1 Grain Reserves and food Security in MENA Countries BRIAN WRIGHT. University of California, Berkeley and CARLO CAFIERO. University of Naples Federico II, Italy Abstract Aggregate stocks of major grains declined to minimal feasible levels in 2007/08, due to high global income growth and biofuels mandates. Given minimal stocks, prices were very sensitive to shocks such as the Australian drought and biofuels demand boosts due to the oil price spike. The effects of these shocks were magnified by a sequence of trade restrictions by key exporters to protect vulnerable consumers, beginning in the thin global rice market in the fall of 2007, which turned market anxiety into panic. Recognizing the unreliability of imports, vulnerable Countries , including those in the Middle East and North Africa, (MENA), are now considering investing in strategic Reserves , pursuit of self sufficiency, and acquisition of foreign land to ensure supplies for Grain for domestic consumption.
2 The associated expense and negative incentive effects of national Reserves may be acceptable if they have quantitative targets related to the consumption needs of the most vulnerable, with distribution to the latter only in severe emergencies. In many MENA Countries , heavy subsidies on Grain consumption of both rich and poor reduce the stabilizing response of consumption to price, and increase the size of Reserves needed to ensure any given level of food Security . In most MENA Countries , accumulation of stocks is a more efficient strategy than pursuit of self sufficiency, because these Countries have no comparative advantage in expanded agriculture, due fundamentally to lack of water supplies. Acquisition of foreign lands leaves food supplies exposed to sovereign risk and other interruptions to the supply chain beyond the importer's control.
3 On the other hand collaboration among MENA Countries could allow them to smooth a sizeable part of the risks posed by fluctuations in their own harvests. ii . 1. Introduction: The food price crisis of 2007/08 and the emergence of concerns over its impact on food Security After experiencing the turmoil in the Grain markets starting in 2007, the prospect of continuing high Grain market volatility is particularly threatening to Countries of the Middle East and North Africa (MENA).1 Their special vulnerability comes from their high levels of cereal consumption and heavy dependence on imports (World Bank, 2009). As much as 35 percent of calorie consumption in the region comes from wheat alone, and the region is collectively a net importer of million metric tons of cereal, making it the largest net importing region in the world.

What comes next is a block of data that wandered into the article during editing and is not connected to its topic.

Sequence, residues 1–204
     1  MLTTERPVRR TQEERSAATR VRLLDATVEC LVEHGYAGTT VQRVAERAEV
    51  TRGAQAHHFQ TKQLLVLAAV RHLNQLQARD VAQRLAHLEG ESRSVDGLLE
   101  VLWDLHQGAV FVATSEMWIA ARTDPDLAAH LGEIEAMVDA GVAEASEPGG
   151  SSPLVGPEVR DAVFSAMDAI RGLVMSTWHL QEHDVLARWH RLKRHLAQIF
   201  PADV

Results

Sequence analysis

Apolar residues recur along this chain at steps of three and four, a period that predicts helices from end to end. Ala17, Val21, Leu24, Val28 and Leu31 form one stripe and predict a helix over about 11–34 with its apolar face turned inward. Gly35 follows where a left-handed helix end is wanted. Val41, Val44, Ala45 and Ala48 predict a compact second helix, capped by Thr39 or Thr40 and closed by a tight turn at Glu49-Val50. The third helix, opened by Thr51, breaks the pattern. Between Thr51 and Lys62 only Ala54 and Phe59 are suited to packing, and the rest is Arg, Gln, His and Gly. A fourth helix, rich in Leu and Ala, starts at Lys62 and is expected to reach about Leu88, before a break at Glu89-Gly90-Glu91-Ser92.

4 Import dependence is projected to increase from 56 percent in 2000 to 63 percent in 2030, leaving the region even more vulnerable to high and volatile international market prices. In the throes of the market chaos of 2007/08, pressure from their urban consumers forced many importers, including some MENA Countries like Morocco and Saudi Arabia to remove tariffs or subsidize imports of grains (Hater, 2008). These importer policies stabilized local markets to some extent, but they penalized the domestic farmers and traders whose supplies to the market prevented more serious shortages. Furthermore, their collective effect was to exacerbate international price volatility. On the other side of the market, exporters responded to similar pressure from their politically powerful consumers by limiting or banning exports, which penalized their producers and further destabilized the international market on which importers relied for food Security .
5 (See Wright forthcoming.). As Grain prices have receded significantly from their 2008 highs, the policy focus switched from short-term tactics for crisis management to strategies to manage the effects of market fluctuations on consumers at acceptable cost. Suggestions to increase global Grain Reserves have figured prominently in international discussions. Proposals have been made for international Reserves combined with what advocates describe as virtual Reserves controlled via commodity futures and options trading. Special regional emergency Reserves have been proposed for 1. Countries generally included in MENA are Algeria, Bahrain, Djibouti, Egypt, Iran, Iraq, Israel, Jordan, Kuwait, Lebanon, Libya, Morocco, Oman, Qatar, Saudi Arabia, Ethiopia, Sudan, Syria, Tunisia, United Arab Emirates, and Yemen. The total population is similar in size to that of the European Union.